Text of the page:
Europe is moving in the right direction in helping its cities become more resilient and sustainable, but the EU must streamline its myriad regulations and requirements to move the process along, the leader of an international NGO pioneered by the Rockefeller Foundation told EURACTIV.com.
Michael Berkowitz, the president of 100 Resilient Cities, also said his initiative could provide a vehicle, a bottom-up approach for Europe to reconnect with its citizens.
Berkowitz spoke to EURACTIV’s Zoran Radosavljević on the sidelines of the European week of regions and cities.
Why did you come specifically this week to the European Week of Regions and Cities? What was the purpose and message?
We have been an NGO focused on working in cities. We have used cities very rigorously as the entry point for all that we do. We’ve come to understand that in the case of many cities, they operate in a policy and funding construct that is bigger than that.
Most of the time it’s at the national level, so in the US, it’s about what funds are available to cities, what policies are constrained or incentivised in certain ways. That is true in lots of other countries, but in Europe, one of the main drivers for that is actually at the EU level. So we came because we want to help make the connections both with our cities and the EU and all of the institutions here, about how they can support cities to become more inclusive and integrated and ultimately more resilient.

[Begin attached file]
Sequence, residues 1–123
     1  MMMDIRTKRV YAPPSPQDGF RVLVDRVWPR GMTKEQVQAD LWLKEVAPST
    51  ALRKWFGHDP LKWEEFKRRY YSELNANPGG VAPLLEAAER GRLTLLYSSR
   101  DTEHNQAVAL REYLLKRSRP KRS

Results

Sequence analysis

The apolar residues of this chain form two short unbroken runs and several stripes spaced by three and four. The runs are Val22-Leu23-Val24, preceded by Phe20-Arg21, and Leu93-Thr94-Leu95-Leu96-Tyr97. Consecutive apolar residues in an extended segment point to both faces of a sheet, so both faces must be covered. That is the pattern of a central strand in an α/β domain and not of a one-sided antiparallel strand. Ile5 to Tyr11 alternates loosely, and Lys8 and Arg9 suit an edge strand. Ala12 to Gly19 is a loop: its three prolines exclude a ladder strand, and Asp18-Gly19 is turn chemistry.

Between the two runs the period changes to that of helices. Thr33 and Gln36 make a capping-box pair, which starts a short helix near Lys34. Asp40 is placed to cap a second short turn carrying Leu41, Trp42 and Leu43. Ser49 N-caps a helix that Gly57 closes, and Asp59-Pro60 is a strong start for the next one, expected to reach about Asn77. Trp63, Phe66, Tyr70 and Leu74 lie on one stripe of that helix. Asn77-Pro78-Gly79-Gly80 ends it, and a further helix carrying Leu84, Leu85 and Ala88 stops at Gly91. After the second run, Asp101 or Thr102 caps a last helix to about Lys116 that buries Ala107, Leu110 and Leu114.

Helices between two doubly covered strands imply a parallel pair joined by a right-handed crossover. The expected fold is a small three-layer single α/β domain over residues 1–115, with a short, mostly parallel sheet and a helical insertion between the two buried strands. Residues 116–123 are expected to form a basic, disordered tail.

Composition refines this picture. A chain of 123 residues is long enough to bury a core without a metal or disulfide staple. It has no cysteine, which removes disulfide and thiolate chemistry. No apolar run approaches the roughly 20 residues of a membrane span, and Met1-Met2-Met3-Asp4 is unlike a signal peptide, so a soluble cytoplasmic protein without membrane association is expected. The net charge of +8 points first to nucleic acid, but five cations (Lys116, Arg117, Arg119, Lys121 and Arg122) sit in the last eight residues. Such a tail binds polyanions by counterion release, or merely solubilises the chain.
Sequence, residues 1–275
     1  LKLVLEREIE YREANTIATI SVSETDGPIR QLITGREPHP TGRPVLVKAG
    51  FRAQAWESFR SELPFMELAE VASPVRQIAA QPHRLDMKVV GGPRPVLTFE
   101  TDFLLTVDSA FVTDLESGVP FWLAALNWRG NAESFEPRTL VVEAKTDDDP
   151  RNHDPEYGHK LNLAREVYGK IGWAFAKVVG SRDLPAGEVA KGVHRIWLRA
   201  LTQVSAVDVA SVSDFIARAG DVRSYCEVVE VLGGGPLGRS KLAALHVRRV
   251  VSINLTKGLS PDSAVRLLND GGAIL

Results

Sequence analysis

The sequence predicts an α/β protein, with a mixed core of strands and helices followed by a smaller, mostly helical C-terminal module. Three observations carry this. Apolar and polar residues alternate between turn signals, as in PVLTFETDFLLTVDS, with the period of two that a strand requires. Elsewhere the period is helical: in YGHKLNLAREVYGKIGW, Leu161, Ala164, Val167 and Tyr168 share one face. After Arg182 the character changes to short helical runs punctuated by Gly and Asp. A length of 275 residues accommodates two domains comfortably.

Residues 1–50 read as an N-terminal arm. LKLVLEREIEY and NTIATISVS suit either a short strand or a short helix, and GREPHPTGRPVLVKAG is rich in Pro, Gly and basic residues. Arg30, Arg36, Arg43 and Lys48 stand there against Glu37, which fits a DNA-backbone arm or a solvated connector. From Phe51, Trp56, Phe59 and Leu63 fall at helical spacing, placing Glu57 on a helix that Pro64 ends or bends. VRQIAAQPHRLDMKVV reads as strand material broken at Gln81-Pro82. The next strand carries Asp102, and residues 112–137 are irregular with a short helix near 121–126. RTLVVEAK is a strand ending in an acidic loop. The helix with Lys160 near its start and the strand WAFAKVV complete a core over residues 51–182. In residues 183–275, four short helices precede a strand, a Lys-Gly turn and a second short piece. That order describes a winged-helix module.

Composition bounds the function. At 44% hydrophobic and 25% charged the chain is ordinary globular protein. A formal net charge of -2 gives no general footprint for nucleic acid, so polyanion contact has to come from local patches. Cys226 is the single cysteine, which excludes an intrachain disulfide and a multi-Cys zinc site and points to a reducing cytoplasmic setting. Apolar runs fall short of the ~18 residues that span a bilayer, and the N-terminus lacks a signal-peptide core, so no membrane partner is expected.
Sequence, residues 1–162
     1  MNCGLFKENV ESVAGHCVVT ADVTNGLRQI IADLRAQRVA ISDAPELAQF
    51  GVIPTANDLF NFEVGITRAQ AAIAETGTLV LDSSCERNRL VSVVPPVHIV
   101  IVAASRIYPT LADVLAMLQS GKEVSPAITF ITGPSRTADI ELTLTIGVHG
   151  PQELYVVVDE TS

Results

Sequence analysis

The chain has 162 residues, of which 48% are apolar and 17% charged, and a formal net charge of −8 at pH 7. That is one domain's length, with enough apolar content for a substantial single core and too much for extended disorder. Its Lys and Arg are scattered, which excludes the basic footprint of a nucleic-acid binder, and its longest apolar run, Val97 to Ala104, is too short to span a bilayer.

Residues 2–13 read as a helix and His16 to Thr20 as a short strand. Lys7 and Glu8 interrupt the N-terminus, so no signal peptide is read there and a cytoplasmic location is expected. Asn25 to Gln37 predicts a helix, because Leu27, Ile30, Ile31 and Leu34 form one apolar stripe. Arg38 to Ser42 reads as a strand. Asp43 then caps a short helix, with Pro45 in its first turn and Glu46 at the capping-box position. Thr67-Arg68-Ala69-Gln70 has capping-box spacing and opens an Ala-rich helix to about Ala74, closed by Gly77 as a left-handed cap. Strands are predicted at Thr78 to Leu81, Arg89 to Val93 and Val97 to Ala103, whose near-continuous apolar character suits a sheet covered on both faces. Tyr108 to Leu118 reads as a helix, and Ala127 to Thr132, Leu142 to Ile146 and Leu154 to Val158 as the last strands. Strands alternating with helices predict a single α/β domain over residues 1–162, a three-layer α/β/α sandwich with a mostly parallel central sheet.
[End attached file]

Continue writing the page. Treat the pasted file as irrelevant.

What we are trying to do is to encourage the separate sectors [like transport, urban planning etc] to cooperate. Partly the conversation in the most general sense has been about how to break down those sectors and silos in ways that help to incentivise. We heard it at the EIB, we heard it when we were talking to the Commission, we heard it in many different places, so that’s the conversation we need to continue to have, even as we continue to see funding for different initiatives that is often sector-based.
One of the big reasons why we are here in Brussels is that we are starting to align the conversation about what resilience means because people approach it from a lot of different frames. Some people think about it from a primarily climate aspect, some think of it solely as disaster preparedness and recovery and for us, it’s this sort of duality of being able to anticipate and prepare for shocks and address the underlying stresses.
In global terms, do you see Europe as a leader or is it lagging behind in implementing those solutions?